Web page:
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Peavler: What can BYU expect of Taysom Hill and the quarterbacks in 2015?

This is the first of a nine-article series previewing the 2015 BYU Cougars football team.

One moment it seemed that BYU could send a quarterback to New York as a Heisman Trophy finalist for the first time since Ty Detmer. The next, that star quarterback was helped off the field with a broken leg and broken dreams for the 2014 season.

Taysom Hill's career at BYU has more ups and downs than the wildest roller coasters.

Hill showed promise from the first time he took the field back in 2012. His first pass was a on-the-run touchdown against Washington State. It looked like he could take over for a struggling Riley Nelson as the starter as a freshman as he led a comeback that came just short against Boise State as well as wins against Hawaii and Utah State.

Unfortunately, Hill tore his knee against the Aggies on a play where he should have taken a knee. That was the first time his season ended prematurely.

His sophomore season didn't end in injury, but it certainly had its ups and downs. The year 2013 started with a thud against Virginia as he completed just 32.5 percent of his passes and rushed for just 42 yards as the Cougars lost to an opponent that would finish 2-10 that season.

The very next game Hill was making the mighty Texas defense look like a high school squad as he torched the Longhorns for 259 yards rushing and three touchdowns.

At times Hill seems unstoppable. Texas certainly couldn't stop Hill from going around, over, under and through its defense in the 2014 rematch in Austin. He's the kind of quarterback that can leave defenders in his dust and he's physical enough to push them out of the way if needed. He's also shown that he can put the team on his shoulders and will it to victory, particularly in games against Houston and Virginia last season.

And Hill had made some nice improvements in the passing game. While Hill strength is still in the running game, he was completing 66.7 percent of his passes in 2014. That was a 12.8 percent increase over 2013.

It was even more clear what kind of impact Hill had on the team after he was gone. Hill's season-ending injury against Utah State sent the Cougars into a four-game losing streak as the Cougars limped to a 8-5 finish after a 4-0 start.

Simply put, the biggest question in Provo as the 2015 season approaches is this: Can Hill stay healthy?

Of course, Hill wasn't quite 100 percent in spring ball, although he is expected to get there before fall camp opens. While he did participate in non-contact drills, the Cougars turned to Christian Stewart to handle live drills. While Stewart did an admirable job in a difficult situation last season in taking over for Hill, the problem is he has no eligibility left.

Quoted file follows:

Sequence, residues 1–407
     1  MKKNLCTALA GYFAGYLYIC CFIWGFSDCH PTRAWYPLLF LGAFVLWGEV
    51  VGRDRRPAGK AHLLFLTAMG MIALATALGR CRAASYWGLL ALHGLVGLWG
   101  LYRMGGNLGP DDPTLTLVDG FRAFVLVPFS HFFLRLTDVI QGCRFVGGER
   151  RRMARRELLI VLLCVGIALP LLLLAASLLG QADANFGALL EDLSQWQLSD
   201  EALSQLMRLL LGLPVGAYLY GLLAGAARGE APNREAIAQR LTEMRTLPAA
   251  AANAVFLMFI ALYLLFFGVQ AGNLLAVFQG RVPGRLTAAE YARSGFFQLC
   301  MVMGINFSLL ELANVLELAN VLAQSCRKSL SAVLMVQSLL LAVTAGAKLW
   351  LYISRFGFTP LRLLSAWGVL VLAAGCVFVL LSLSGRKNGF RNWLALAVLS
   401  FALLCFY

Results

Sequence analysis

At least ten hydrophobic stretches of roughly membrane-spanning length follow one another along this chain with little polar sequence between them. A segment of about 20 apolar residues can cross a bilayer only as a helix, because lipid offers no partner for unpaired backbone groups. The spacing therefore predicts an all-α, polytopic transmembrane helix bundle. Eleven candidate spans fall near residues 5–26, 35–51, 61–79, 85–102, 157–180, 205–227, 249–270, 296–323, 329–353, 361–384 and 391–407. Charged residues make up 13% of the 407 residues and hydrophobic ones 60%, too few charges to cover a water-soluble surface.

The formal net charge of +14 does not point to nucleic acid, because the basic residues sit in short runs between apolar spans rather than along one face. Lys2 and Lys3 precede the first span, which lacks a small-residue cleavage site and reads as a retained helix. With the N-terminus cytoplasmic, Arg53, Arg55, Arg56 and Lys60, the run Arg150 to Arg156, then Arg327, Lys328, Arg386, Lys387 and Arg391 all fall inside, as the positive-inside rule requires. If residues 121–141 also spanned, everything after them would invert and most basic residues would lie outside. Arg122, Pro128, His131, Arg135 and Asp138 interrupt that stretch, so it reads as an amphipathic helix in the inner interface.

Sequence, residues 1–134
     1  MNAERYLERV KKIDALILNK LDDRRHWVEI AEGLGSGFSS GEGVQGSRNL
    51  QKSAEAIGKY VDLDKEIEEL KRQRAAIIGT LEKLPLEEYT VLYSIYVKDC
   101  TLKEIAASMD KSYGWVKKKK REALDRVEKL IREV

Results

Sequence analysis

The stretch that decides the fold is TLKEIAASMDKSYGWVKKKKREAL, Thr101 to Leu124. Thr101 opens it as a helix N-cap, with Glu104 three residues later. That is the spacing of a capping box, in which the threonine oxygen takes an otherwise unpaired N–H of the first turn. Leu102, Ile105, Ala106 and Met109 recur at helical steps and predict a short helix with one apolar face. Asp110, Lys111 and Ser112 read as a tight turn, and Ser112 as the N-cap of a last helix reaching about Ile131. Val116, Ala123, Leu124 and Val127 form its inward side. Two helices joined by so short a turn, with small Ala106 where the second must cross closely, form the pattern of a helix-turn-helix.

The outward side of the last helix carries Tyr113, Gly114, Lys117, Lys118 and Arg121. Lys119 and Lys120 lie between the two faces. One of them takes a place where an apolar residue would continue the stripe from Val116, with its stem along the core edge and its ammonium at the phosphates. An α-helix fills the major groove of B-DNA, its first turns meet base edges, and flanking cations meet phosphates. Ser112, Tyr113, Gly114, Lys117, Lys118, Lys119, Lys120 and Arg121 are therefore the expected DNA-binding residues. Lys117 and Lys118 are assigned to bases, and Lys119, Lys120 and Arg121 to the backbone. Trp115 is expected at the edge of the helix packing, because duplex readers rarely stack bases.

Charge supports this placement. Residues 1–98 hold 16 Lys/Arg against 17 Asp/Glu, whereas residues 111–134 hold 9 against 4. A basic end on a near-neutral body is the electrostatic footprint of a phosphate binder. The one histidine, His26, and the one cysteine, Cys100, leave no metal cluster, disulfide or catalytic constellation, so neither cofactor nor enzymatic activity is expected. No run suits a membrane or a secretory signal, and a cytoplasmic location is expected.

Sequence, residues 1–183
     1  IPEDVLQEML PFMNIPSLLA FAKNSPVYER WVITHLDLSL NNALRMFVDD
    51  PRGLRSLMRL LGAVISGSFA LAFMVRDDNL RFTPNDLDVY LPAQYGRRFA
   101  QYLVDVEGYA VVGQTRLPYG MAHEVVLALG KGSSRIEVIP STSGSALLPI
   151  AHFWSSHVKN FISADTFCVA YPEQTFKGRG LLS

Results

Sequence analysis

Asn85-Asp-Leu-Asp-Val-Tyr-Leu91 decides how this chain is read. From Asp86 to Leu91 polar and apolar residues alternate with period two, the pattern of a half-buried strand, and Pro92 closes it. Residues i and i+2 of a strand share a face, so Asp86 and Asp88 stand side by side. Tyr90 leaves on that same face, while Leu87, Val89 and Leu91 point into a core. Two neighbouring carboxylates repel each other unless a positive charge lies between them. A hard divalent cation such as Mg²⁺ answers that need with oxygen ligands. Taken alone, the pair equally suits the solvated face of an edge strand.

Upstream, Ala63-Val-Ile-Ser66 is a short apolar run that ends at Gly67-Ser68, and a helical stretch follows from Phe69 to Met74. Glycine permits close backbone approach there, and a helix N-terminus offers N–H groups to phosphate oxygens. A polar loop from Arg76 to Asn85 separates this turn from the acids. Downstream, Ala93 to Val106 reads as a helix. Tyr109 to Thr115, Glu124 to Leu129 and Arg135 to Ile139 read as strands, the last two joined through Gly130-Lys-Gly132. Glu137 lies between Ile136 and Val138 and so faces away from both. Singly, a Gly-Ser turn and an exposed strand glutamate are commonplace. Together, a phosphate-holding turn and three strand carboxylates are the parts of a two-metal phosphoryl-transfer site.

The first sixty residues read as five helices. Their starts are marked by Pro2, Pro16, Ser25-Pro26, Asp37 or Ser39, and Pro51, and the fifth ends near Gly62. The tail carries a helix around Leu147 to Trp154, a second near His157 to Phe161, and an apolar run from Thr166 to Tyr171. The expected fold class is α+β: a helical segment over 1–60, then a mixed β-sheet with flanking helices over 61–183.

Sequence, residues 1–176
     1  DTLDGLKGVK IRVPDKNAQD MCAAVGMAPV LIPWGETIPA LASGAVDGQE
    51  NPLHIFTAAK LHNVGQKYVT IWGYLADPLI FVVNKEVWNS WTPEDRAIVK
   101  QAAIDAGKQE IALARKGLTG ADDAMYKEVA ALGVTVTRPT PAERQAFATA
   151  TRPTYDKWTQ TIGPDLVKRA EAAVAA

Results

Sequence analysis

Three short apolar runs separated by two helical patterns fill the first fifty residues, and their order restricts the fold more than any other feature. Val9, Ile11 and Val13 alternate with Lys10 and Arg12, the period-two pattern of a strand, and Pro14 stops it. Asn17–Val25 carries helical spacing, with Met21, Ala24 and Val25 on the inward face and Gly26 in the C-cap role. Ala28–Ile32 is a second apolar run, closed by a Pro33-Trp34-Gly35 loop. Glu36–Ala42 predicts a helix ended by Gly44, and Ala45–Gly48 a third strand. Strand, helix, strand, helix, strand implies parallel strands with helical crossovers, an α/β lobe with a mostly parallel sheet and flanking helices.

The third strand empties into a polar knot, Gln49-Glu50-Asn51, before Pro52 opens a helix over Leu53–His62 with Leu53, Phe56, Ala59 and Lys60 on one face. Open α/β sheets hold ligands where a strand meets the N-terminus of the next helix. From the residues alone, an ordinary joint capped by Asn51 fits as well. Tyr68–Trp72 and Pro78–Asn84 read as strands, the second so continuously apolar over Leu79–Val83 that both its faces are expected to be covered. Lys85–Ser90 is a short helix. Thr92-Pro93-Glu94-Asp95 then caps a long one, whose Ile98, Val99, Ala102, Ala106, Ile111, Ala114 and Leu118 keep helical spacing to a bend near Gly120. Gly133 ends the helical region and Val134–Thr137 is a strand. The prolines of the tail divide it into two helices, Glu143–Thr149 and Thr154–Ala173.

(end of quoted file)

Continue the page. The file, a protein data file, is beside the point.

That pretty much sums up BYU's quarterback situation.

The Cougars had only three quarterbacks on the roster in spring football. McCoy Hill suffered a foot injury in spring camp. Hunter Moore is the only other quarterback on the roster and he has yet to attempt a pass in a college game.

BYU will not have a senior like Stewart waiting in the wings should Hill go down a third time. That places all the more pressure on the Cougars to prevent that from happening.

Still, BYU has some interesting newcomers.

Mangum is an interesting player and could well be the future of BYU football under center. He was invited to the prestigious Elite 11 and shared an MVP award with Neal Burcham and future Heisman Trophy winner Jameis Winston. He's a more traditional type of BYU quarterback as he is more of a pro-style quarterback than a dual-threat like Hill. He passed for 3,885 yards and 35 touchdowns as a senior at Eagle High School in Idaho.

Only problem is he's been away from football for a while. Whatever opposing programs may say about the advantage of having older players, LDS Church missions mean two years of doing a lot of not playing football. Besides, being a highly recruited high school star is no guarantee of success at the college level.

Just ask Jake Heaps.

Mangum has some stiff competition also coming in this season. Take Beau Hoge, another true freshman coming in from Kentucky. He's a quarterback in the Hill mold. He made "SportsCenter" after he avoided 12 tackles en route to a 85-yard rushing touchdown. Plus, Hoge has an impressive pedigree as he's the son of former Pittsburgh Steelers running back and ESPN analyst Merril Hoge.

Mangum vs. Hoge should be a fascinating battle for the backup quarterback come this fall. The winner will have a leg up in the battle to replace Hill after this season. Hopefully, neither young man will be called upon to replace him sooner than expected.

At best, Taysom Hill could still end up as the first Heisman Trophy finalist from BYU since Detmer. If he can stay healthy he'll gain national attention like he did before his injury last season.

At worst, BYU could be depending on a true freshman next season.

Either way, Cougar fans would be well advised to strap in. The year 2015 promises to be a wild ride at the quarterback position.

Lafe Peavler is a contributor for the Deseret News. Follow him on Twitter @LafePeavler.